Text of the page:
What would it be like to walk 2 miles round trip to get one bag of groceries...then turn around and do it two more times...in 17 degree snowy weather? What would it be like to have two boys with winer jackets, but no snow boots? What would it be like to pay your rent, electricity and gas bills and have no money left over for food? What would it be like to lose your job due to recession and have to move in with a friend who is barely covering his bills? I honestly don't know. I have lived a privileged life...yes there have been times when my parents went with out so I could have new shoes for gym and times as an adult where I have had to eat Ramen instead of something fresh, but I have always been fortunate enough to make ends meet...and on the occasions when I couldn't I had family to back me up and help me out. I have worked 3 jobs at a time, I have lived with in-laws and I have sold everything I owned, but I have never been forced to understand true financial hardship (Now heart ache? That's my true story).
I was asked by a friend to volunteer with her at our local food shelf this week...and in the depths of my co-dependency I couldn't say no. I am glad I made that choice. I have volunteered all my life...animal shelters, kid's with autism, disabled children using horses for therapy, the Wild One's schools...preschool through 6th grade. I have donated money to causes close to my heart and causes in honor of others. I stock my wallet with one dollars bills to help pad the red kettles each christmas, I donate (and instigate) clothes drives and I single handedly filled the local Goodwill last month. NONE of that compares (don't get all cranky...everything I have done was very worthwhile, enjoyable and I will continue to do it all with enthusiasm) to working first hand with people who cannot provide themselves with basic human supplies. It was a very humbling experience (although I did have to flick the judgmental kitten off my shoulder a few times).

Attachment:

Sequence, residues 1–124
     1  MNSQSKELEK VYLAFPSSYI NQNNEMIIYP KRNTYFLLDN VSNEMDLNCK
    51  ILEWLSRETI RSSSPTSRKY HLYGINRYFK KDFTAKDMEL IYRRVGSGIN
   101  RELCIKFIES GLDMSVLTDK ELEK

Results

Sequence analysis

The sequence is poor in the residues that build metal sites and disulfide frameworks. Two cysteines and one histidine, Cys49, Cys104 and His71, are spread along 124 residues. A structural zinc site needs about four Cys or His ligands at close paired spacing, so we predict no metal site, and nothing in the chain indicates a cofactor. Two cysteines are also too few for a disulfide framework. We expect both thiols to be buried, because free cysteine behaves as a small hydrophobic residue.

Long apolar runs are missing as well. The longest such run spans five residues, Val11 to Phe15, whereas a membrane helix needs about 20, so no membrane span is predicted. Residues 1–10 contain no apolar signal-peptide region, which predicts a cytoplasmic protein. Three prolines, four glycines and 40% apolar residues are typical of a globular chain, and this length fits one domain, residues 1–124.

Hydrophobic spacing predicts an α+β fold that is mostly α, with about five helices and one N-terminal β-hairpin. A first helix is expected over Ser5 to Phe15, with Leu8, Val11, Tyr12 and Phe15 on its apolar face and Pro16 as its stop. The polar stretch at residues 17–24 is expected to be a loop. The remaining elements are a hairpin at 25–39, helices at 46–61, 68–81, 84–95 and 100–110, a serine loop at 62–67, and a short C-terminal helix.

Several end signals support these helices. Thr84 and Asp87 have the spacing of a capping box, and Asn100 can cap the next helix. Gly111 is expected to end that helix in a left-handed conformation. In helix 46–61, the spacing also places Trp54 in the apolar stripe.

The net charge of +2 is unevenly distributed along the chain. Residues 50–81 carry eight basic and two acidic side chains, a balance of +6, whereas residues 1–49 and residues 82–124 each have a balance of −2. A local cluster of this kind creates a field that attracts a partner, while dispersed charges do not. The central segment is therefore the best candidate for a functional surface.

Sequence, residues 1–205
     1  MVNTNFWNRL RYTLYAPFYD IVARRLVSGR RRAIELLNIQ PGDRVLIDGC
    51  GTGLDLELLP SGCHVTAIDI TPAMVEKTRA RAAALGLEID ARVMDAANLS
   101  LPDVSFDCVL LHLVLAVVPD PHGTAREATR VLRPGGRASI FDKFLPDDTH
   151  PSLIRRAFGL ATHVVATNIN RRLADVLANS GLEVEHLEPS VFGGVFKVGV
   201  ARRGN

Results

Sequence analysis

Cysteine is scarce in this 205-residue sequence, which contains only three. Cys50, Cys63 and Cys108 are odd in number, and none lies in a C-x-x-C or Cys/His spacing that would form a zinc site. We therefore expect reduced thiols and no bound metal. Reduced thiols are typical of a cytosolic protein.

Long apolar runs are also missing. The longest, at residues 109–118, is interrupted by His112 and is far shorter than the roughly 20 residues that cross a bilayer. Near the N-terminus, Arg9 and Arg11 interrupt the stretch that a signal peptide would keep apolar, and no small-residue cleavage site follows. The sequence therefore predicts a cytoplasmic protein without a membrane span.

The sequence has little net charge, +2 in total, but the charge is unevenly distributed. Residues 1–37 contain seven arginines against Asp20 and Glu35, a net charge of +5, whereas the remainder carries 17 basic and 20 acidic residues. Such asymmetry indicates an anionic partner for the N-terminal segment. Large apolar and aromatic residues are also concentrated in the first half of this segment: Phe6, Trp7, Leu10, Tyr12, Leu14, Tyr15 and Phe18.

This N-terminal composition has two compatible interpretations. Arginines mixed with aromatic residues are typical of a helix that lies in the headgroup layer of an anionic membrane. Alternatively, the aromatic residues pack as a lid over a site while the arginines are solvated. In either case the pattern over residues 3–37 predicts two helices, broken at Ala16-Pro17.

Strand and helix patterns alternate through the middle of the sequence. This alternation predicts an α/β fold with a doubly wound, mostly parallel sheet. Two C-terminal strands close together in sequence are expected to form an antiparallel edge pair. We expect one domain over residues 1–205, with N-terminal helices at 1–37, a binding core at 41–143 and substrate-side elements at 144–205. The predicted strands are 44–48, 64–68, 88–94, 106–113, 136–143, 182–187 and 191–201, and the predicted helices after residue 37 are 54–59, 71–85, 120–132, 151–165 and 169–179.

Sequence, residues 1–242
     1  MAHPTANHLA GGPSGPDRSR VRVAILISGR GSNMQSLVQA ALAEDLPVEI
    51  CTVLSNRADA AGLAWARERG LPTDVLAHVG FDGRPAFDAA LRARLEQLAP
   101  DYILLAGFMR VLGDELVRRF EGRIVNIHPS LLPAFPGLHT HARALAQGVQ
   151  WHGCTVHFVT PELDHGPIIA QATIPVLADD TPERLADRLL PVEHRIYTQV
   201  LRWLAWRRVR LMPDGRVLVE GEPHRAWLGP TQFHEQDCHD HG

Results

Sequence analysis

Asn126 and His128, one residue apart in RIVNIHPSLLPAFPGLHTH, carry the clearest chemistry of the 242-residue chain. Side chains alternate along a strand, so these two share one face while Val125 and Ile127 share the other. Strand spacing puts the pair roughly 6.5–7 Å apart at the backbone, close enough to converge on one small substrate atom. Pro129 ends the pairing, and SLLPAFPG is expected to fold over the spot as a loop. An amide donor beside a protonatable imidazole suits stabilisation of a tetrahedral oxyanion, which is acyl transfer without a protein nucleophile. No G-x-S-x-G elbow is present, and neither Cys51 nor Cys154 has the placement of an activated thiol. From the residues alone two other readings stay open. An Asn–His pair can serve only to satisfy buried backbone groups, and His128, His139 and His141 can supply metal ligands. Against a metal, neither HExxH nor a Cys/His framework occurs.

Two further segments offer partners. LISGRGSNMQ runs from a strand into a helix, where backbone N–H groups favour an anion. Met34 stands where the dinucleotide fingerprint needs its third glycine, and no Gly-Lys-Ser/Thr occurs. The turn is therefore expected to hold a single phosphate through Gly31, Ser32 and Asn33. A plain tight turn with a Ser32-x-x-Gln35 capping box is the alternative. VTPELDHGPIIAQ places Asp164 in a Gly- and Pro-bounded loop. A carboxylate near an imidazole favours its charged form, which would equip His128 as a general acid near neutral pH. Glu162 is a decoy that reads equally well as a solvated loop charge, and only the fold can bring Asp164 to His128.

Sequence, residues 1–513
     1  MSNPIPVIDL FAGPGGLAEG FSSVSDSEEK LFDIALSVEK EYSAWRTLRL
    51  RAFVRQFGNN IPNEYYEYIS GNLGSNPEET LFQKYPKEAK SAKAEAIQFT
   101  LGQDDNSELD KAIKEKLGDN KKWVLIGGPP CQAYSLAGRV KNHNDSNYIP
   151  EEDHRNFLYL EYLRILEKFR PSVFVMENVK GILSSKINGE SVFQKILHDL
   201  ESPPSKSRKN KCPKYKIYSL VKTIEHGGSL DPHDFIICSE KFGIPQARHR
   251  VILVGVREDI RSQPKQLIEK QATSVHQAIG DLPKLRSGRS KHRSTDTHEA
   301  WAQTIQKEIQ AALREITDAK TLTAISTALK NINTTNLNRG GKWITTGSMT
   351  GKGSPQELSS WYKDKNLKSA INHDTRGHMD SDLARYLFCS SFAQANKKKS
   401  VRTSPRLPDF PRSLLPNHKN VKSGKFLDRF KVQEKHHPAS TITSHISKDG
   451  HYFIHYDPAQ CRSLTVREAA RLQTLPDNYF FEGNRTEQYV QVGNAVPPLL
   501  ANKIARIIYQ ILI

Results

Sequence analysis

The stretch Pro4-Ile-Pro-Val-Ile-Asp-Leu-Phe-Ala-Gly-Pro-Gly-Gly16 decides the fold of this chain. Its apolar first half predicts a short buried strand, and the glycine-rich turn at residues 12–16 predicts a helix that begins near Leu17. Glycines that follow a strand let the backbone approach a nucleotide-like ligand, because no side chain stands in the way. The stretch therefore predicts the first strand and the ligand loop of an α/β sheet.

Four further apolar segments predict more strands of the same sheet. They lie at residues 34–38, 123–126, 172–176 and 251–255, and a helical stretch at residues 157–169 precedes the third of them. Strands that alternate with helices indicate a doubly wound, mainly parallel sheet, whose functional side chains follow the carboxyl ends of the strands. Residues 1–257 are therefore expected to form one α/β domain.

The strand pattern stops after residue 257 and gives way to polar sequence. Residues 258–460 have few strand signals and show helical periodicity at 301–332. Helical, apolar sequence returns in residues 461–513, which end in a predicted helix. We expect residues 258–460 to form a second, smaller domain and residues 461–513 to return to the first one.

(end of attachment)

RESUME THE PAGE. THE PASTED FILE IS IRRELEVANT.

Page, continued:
I felt strange when people came in asking for toilet paper...when I need toilet paper I hop in my car and drive to Target and load up a big old 24 pack. I will never do that again with out thinking of that soft tissue as a privilege. If anyone is moved to donate to your (or my) local food shelf please learn something from my experience. The people that I met don't necessarily want or need the things that we have been lead to believe that they need. Items that were most often requested were toilet paper, feminine products and easy to prepare foods, but remember that if things like oil, butter, milk and eggs are needed to prepare...they probably do not have those things at home. We could not give away the canned veggies or fruit, but quickly ran out of coffee, milk and cookies. Check with your food shelf as the one I was at does have freezers (for things like hamburger) and refrigerators for perishables.
While it seemed like some people were working the system (everything is weighed and tracked...although no one is ever turned away), others turned down our offers of more...they only took what they absolutely needed. One boy left with a new pair of boots (and a mother who had the most beautiful smile) and an older gentleman left with this phrase, "Thank you for being here. Thank you for volunteering." Sign me up for next week.